So, I'm sure a large portion of everyone here is experiencing this horrible anxiety regarding their applications. I've never had problems like this with other applications (for REUs, undergrad, etc) before but honestly every day is torture. I was initially confident about my application as I really did everything that I could during undergrad to prepare for a doctoral program (I graduate w/ a degree in Biology with Honors in June 2017), but upon looking at the selectivity of the schools I applied to and just spending an undue amount of time on this sight, I can't help but deeply worry that I won't get accepted anywhere. My only option really, if I don't get in, is to apply for some type of NIH PREP program to give another year of research experience to get ready for another application cycle. I would actually apply to more schools before the Dec 15th common deadline of a lot of programs, but my 2 of my most important LOR writers are very hard to get in contact with (we are on trimesters and currently on vacation from Thanksgiving to New Years) so that option is kind of moot at this point. Anyway, my real question is what are your strategies for chilling out more during this application process and not succumbing to an insurmountable amount of dread/worry?
rajat narula posted a topic in GRE/GMAT/etci'm about to give gre at the end of this month and i'm so much confused and tensed. still i haven't selected colleges yet. please help me through the process that should i have to select colleges before appearing for gre or i can select later. Please please help.
Hi all, I've been turning in my applications pretty close to the due date. This is because I was under the impression that for MPP programs it's not really rolling admissions/application date doesn't really matter much as long as it's before the due date. But now I'm seeing that some people on here have already received some decisions because they applied earlier. Do you think my application date matters? Thank you!
Hello everyone! I am new to The Grad Cafe. I am an undergraduate student from Michigan currently pursuing a degree in Sociology. I will graduate in April 2017 (1 year away)! I plan to attend an MSW program straight out of undergrad and am curious to get some insight from those who have already gone through the process. I have been researching for a few months and right now I am most interested in: University of Michigan University of Washington University of Denver Portland State University UC Berkeley Smith College My path would be clinical. I am most interested in working with Children/youth but am interested in a variety of settings (schools, hospitals, nonprofits) at home and even abroad. For those that have been accepted to one or more of these programs, what are your stats? What type of experiences did you have? What do you think made you stand out? When did you start applying to MSW programs? Do you have any tips? How far in advance of application deadlines did you start preparing? Did anyone else go straight out of undergrad? Do you think that this put you at an advantage or disadvantage? Is applying as an out of state applicant an advantage or disadvantage to most of these programs? My current stats: GPA: 3.6 America Reads Corp Member - (reading tutor in public elementary school) Substitute teacher in Detroit Public Schools Alternative Spring Break Volunteer (2 years in a row) Vice President of Student Organization - Have been involved in lots of event planning, volunteering/ and volunteer project creation, professional development, fundraising, etc. WHAT ARE MY CHANCES? WHAT CAN I DO IN THE NEXT COUPLE OF MONTHS TO MAKE MYSELF A STRONGER APPLICANT COME WINTER? WHAT ARE SOME OF YOUR EXPERIENCES IN THESE PROGRAMS? Thanks so much for any information you can share with me! I am so excited for my future in this field and to speak with some of you who share similar aspirations! Thanks everyone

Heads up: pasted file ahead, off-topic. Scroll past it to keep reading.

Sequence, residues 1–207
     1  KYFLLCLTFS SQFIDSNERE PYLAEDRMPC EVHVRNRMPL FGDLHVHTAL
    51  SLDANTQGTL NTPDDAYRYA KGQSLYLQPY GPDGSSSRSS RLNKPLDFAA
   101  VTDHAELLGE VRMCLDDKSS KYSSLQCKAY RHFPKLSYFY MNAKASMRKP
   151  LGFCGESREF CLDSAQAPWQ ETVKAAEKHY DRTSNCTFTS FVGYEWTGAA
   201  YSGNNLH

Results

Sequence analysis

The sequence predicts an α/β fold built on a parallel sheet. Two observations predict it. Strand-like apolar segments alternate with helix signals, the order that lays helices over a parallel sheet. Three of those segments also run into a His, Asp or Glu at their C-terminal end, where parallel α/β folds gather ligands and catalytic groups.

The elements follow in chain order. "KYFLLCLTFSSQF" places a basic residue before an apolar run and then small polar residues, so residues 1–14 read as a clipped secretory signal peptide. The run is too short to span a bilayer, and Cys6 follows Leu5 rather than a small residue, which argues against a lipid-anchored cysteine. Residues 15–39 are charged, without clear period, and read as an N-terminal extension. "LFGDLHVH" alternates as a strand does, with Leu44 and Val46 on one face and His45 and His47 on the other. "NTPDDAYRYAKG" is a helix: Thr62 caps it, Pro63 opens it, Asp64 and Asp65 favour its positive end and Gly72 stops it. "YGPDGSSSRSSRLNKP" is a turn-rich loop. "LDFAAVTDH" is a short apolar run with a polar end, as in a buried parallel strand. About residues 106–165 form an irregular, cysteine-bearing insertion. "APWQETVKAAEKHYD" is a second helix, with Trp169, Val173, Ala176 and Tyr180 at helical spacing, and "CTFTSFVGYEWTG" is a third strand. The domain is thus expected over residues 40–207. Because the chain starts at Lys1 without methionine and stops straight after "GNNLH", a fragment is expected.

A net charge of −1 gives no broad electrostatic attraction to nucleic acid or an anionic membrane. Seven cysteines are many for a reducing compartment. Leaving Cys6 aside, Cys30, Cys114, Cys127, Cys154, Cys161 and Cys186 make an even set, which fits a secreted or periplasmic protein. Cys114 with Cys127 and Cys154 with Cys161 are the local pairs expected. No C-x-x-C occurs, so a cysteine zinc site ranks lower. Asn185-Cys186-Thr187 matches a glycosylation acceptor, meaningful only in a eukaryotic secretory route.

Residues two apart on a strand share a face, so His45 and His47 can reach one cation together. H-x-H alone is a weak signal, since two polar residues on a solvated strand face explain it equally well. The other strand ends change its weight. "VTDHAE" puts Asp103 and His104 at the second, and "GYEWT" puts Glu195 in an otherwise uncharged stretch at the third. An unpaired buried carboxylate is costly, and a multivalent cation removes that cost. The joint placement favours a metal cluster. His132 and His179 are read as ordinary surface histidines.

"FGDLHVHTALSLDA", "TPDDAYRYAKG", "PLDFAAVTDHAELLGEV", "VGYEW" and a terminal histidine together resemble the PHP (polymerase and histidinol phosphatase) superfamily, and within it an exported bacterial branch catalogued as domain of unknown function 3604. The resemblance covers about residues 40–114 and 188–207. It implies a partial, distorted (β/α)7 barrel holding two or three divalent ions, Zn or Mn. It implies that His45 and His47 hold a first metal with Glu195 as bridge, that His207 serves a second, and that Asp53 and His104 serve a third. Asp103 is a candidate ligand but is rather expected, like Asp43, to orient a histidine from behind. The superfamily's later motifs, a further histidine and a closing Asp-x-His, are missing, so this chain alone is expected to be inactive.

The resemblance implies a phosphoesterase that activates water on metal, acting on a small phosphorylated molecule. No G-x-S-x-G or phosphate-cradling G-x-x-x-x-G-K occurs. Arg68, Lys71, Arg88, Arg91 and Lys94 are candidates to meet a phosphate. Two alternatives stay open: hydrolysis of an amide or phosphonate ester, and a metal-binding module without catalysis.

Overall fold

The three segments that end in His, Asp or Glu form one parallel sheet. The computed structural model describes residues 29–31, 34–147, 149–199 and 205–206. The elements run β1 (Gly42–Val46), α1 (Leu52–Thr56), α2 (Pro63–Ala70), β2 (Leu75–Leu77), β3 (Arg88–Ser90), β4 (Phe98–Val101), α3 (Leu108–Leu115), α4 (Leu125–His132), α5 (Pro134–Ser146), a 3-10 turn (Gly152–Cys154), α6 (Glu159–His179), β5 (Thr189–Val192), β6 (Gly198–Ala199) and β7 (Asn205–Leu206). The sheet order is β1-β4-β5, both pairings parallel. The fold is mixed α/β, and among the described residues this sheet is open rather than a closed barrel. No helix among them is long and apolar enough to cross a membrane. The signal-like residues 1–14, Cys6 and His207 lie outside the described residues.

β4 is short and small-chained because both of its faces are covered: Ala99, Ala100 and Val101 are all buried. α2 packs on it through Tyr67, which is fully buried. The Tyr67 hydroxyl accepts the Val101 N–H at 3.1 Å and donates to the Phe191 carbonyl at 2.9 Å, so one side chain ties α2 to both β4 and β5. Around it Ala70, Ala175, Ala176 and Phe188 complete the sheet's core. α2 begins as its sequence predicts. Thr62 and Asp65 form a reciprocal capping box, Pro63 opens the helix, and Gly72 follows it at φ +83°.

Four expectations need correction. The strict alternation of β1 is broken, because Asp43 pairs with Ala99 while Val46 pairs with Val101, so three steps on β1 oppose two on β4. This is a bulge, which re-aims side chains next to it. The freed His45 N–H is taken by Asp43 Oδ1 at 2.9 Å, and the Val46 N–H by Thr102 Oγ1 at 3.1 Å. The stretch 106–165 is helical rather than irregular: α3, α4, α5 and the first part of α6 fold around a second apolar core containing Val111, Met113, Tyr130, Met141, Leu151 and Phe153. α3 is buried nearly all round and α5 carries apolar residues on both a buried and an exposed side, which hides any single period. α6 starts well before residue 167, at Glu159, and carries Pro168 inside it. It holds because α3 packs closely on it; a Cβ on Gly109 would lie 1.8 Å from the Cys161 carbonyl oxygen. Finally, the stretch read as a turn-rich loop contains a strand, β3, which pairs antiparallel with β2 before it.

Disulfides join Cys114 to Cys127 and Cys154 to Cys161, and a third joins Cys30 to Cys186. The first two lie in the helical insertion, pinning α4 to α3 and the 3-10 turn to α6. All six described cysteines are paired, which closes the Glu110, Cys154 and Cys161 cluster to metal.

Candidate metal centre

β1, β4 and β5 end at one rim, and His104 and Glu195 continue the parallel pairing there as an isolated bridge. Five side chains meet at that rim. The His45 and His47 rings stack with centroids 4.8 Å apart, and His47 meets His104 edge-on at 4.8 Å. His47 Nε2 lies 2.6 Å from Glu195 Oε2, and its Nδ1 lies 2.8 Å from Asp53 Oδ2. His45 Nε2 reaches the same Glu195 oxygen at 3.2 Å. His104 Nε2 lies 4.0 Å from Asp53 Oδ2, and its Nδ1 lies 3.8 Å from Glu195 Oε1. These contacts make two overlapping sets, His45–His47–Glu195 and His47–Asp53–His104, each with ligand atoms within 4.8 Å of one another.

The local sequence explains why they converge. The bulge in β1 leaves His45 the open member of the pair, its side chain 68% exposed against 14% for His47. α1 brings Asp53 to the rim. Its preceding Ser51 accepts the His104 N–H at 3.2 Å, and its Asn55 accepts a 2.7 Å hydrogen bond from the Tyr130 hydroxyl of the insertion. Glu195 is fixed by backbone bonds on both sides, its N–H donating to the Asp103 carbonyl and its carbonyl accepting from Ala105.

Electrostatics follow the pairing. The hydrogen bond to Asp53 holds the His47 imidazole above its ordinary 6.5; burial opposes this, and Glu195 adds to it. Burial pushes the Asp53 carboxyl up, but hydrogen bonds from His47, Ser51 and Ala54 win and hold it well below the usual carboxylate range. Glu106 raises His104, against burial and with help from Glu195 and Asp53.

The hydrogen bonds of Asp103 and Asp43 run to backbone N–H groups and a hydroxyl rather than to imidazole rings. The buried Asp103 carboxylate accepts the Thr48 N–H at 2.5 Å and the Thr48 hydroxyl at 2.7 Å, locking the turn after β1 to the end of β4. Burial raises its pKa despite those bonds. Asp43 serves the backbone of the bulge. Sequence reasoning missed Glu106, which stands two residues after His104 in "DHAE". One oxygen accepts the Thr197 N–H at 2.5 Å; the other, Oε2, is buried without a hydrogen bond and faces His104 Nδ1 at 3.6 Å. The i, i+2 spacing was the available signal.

I am going to be applying to PhD programs in Finance for the 2017-2018 school year and am currently in the process of researching programs. I'm specifically looking to study banking and am choosing programs that have strong faculty and/or research centers in this area. I'm somewhat stumped by the etiquette of whether or not to contact professors who are conducting similar research to my own/potential advisors prior to the application process. One part of me thinks that it could be beneficial to have a conversation about what research is being done on the topic in the department, develop a contact, etc. However, on the other hand, I also feel like this could come off as just mining for information or 'schmoozing' in order to potentially get noticed by a possible advisor. What do you guys think? If anyone has had firsthand experience or a strong opinion on this, I would love to hear it. As someone who loves networking and research-related conversations, it is in my nature to want to reach out; I do understand, however, how this could be viewed considering my status as a future applicant. Thank you in advance for your advice and opinions.
Hi all... I imagine that I'm not the only one applying to doctoral programs this year. I figured that this forum might be a decent place to share our experience, strength, hopes, and let-downs this year. Best of luck to you all...